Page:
# [seqfan] Stones On A Finite Triangular Lattice

Leroy Quet q1qq2qqq3qqqq at yahoo.com
Fri Sep 3 20:40:19 CEST 2010

```Take an equilateral triangle and subdivide it into n^2 smaller same-sized equilateral triangles -- where there are n horizontal rows of smaller triangles, and the kth row has 2k-1 triangles, the triangles alternating between pointing up and point down. So, we have a finite triangular lattice.

Let a(n) be the smallest number of stones (each stone being small enough to fit within one of the smaller triangles) such that every smaller triangle of the larger triangle is in at least one "row" shared by a stone.

A "row" may either run horizontally (0 degrees) or run at 120 degrees or run at 240 degrees. Each smaller triangle is contained in exactly 3 rows, one at each direction.

(By the way, it is easy to see that a(n+1) - a(n) = 0 or 1, for all n.)

Is {a(k)} in the OEIS? It must be.

Now, let b(n) = the number of ways that the a(n) non-distinguished stones can be arranged on the order-n triangular lattice, such that each smaller triangle is in at least one row shared by a stone.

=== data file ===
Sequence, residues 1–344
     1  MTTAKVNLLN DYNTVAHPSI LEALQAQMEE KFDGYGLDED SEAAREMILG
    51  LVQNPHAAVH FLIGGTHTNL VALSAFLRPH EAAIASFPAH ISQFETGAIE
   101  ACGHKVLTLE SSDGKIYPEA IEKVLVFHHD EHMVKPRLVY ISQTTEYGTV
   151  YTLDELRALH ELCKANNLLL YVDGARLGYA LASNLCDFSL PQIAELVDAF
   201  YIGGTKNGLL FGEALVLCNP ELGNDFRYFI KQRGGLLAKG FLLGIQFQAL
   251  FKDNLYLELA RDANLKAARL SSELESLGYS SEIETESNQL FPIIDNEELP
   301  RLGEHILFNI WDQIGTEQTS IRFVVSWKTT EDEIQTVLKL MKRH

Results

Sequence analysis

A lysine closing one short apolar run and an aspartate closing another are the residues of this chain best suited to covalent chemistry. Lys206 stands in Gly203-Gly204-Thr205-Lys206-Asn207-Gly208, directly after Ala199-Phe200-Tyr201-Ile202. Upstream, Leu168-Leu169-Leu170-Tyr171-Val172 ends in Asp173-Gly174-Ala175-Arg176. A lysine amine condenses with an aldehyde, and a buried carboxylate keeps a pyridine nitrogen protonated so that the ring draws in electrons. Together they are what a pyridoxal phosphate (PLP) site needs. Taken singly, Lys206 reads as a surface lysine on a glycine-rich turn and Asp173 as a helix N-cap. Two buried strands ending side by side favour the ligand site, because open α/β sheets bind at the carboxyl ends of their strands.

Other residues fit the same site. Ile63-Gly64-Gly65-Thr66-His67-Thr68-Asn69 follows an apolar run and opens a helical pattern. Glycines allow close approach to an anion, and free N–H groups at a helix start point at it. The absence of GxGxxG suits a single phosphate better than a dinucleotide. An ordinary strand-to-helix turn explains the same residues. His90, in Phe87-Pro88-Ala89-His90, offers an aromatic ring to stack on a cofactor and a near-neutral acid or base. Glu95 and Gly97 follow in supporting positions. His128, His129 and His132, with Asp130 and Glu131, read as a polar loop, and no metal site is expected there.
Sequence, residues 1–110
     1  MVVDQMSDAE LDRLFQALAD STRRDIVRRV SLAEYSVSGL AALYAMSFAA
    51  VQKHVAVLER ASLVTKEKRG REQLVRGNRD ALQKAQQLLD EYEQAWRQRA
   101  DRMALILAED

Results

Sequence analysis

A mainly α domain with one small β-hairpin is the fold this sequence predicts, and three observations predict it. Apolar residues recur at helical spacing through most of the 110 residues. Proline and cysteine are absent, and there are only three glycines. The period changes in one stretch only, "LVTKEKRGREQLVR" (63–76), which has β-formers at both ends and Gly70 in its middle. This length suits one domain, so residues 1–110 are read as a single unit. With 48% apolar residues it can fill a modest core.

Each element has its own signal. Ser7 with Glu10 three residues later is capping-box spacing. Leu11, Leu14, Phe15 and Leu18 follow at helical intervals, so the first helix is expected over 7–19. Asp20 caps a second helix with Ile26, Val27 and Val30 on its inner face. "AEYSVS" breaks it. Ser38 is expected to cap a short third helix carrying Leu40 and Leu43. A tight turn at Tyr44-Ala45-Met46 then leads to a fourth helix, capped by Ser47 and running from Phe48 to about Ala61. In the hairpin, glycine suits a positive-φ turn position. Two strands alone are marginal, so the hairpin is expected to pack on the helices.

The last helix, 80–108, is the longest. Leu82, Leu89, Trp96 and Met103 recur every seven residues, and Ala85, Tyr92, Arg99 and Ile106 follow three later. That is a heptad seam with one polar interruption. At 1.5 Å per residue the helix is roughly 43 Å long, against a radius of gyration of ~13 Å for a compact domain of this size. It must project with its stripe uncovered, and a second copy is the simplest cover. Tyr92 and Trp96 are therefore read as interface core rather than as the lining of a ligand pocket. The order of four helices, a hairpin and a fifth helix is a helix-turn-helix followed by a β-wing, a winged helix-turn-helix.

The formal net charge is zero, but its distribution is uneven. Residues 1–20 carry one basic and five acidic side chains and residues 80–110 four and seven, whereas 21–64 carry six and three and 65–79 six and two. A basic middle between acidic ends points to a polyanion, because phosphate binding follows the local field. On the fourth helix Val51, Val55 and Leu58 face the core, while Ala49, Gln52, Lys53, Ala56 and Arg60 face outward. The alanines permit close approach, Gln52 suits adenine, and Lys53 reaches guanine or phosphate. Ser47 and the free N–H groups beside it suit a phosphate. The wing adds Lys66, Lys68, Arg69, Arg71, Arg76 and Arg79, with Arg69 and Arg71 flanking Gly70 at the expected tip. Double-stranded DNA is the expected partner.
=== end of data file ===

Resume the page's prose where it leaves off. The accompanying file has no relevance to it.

And let c(n) = the number of ways that the a(n) non-distinguished stones can be arranged on the order-n triangular lattice, such that each smaller triangle is in at least one row shared by a stone, and such that each row has at most one stone.

(By "non-distinguished" stones, I mean that, say, if you have two stones in an arrangement, and you switch these two stones, then both of these arrangements count together only once.)

Are {b(k)} and/or {c(k)} in the OEIS?

Note, {b(k)} and {c(k)} are somewhat triangular-lattice analogs to the number of permutations of (1,2,3,...n), where the permutations are the way to place n stones on a square lattice with each square in at least one row or column shared by a stone.

Thanks,
Leroy Quet

[ ( [ ([( [ ( ([[o0Oo0Ooo0Oo(0)oO0ooO0oO0o]]) ) ] )]) ] ) ]

```